The following thoughts were inspired by one of Zeynep Tufekci’s recent posts entitled “Faster is Different” on her Technosociology blog. Zeynep argues “against the misconception that acceleration in the information cycle means would simply mean same things will happen as would have before, but merely at a more rapid pace. So, you can’t just say, hey, people communicated before, it was just slower. That is wrong. Faster is different.”
I think she’s spot on and the reason why goes to the heart of complex systems behavior and network science. “Combined with the reshaping of networks of connectivity from one/few-to-one/few (interpersonal) and one-to-many (broadcast) into many-to-many, we encounter qualitatively different dynamics,” writes Zeynep. In a very neat move, she draws upon “epidemiology and quarantine models to explain why resource-constrained actors, states, can deal with slower diffusion of protests using ‘whack-a-protest’ method whereas they can be overwhelmed by simultaneous and multi-channel uprisings which spread rapidly and ‘virally.’ (Think of it as a modified disease/contagion model).” She then uses the “unsuccessful Gafsa protests in 2008 in Tunisia and the successful Sidi Bouzid uprising in Tunisia in 2010 to illustrate the point.”
I love the use of epidemiology and quarantine models to demonstrate why faster is indeed different. One of the complex systems lectures we had when I was at the Sante Fe Institute (SFI) focused on explaining why epidemics are so unpredictable. It was a real treat to have Duncan Watts himself present his latest research on this question. Back in 1998, he and Steven Strogatz wrote a seminal paper presenting the mathematical theory of the small world phenomenon. One of Duncan’s principle area of research has been information contagion and for his presentation at SFI, he explained that, amazingly, mathematical epidemiology currently has no way to answer how big a novel outbreak of an infectious disease will get.
I won’t go into the details of traditional mathematical epidemiology and the Standard (SIR) Model but suffice it to say that the main factor thought to determine the spread of an epidemic was the “Basic Reproduction Number”, i.e., the average number of newly infected individuals by a single infected individual in a susceptible population. However, the following epidemics, while differing dramatically in size, all have more or less the same Basic Reproduction Number.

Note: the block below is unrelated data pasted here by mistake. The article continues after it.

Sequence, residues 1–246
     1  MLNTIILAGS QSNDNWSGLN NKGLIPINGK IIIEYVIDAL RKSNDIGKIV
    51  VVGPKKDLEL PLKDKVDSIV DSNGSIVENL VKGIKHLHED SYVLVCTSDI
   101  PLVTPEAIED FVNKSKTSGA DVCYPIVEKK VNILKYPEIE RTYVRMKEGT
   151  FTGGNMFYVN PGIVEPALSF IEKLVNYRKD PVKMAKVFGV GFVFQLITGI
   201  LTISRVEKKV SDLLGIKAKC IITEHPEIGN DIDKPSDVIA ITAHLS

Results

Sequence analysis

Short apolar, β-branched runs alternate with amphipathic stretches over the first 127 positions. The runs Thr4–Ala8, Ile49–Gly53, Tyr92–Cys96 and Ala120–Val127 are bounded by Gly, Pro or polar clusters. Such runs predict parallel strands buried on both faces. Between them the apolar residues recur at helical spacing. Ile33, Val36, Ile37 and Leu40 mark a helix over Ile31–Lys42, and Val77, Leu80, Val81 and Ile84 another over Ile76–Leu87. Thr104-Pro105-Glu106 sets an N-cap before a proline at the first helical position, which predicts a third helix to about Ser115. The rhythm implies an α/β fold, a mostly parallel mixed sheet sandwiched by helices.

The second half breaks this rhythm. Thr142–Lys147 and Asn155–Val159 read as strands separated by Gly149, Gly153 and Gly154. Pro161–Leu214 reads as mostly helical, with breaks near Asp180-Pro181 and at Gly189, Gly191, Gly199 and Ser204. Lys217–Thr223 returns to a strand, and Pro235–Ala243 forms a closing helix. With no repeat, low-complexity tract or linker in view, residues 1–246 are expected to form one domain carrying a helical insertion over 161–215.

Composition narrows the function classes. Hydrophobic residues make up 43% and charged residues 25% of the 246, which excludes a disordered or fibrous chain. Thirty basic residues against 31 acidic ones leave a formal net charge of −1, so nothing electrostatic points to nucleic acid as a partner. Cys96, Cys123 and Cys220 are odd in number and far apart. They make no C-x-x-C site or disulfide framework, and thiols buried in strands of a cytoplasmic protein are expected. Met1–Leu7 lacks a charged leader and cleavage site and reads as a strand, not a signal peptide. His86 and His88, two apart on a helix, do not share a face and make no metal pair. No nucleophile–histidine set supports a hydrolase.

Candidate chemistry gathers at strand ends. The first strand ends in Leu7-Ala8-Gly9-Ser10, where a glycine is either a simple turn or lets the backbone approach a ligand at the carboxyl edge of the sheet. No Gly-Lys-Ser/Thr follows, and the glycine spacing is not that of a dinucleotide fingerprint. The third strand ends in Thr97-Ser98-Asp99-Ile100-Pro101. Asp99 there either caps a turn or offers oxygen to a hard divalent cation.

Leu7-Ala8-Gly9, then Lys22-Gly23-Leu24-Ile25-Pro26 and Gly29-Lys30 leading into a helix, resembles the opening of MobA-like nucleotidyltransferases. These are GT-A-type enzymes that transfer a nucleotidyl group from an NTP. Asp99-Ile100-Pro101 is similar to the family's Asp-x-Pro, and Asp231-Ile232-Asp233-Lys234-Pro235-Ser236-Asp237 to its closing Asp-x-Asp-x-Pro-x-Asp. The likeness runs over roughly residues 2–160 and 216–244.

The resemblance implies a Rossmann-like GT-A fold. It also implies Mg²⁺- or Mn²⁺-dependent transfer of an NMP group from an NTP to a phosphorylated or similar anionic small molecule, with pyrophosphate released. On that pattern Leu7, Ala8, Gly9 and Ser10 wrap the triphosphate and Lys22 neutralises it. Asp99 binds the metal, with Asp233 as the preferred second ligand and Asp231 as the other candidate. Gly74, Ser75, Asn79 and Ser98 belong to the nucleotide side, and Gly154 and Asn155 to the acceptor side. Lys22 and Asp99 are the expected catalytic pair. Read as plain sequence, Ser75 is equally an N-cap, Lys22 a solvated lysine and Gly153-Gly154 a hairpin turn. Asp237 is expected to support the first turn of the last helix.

Standard models also imply that outbreaks are “bi-modal” but empirical research clearly shows that epidemics tend to be “multi-modal.” Real epidemics are also resurgent with several peaks interspersed with lulls. So the result is unpredictability: Multi-modal size distributions imply that any given outbreak of the same disease can have dramatically different outcomes while Resurgence implies that even epidemics which seem to be burning out can regenerate themselves by invading new populations.
To this end, there has been a rapid growth in “network epidemiology” over the past 20 years. Studies in network epidemiology suggest that the size of an epidemic depends on Mobility: the expected number of infected individuals “escaping” a local context; and Range: the typical distance traveled.” Of course, the “Basic Reproduction Number” still matters, and has to be greater than 1 as a necessary condition for an epidemic in the first place. However, when this figure is greater than 1, the value itself tells us very little about size or duration. Epidemic size tends to depend instead on mobility and range, although the latter appears to be more influential. To this end, simply restricting the range of travel of infected individuals may be an effective strategy.
There are, however, some important differences in terms of network models being compared here. The critical feature of biological disease in contrast with information spread is that individuals need to be co-located. But recall when during the recent Egyptian revolution the regime had cut off access to the Internet and blocked cell phone use. How did people get their news? The good old fashioned way, by getting out in the streets and speaking in person, i.e., by co-locating. Still, information can be contagious regardless of co-location. This is where Old Spice comes in vis-a-vis their hugely effective marking campaign in 2010 where their popular ads on YouTube went viral and had a significant impact on sales of the deodorant, i.e., massive offline action. Clearly, information can lead to a contagion effect. This is the “information cascade” that Dan Drezner and others refer to in the context of digital activism in repressive environments.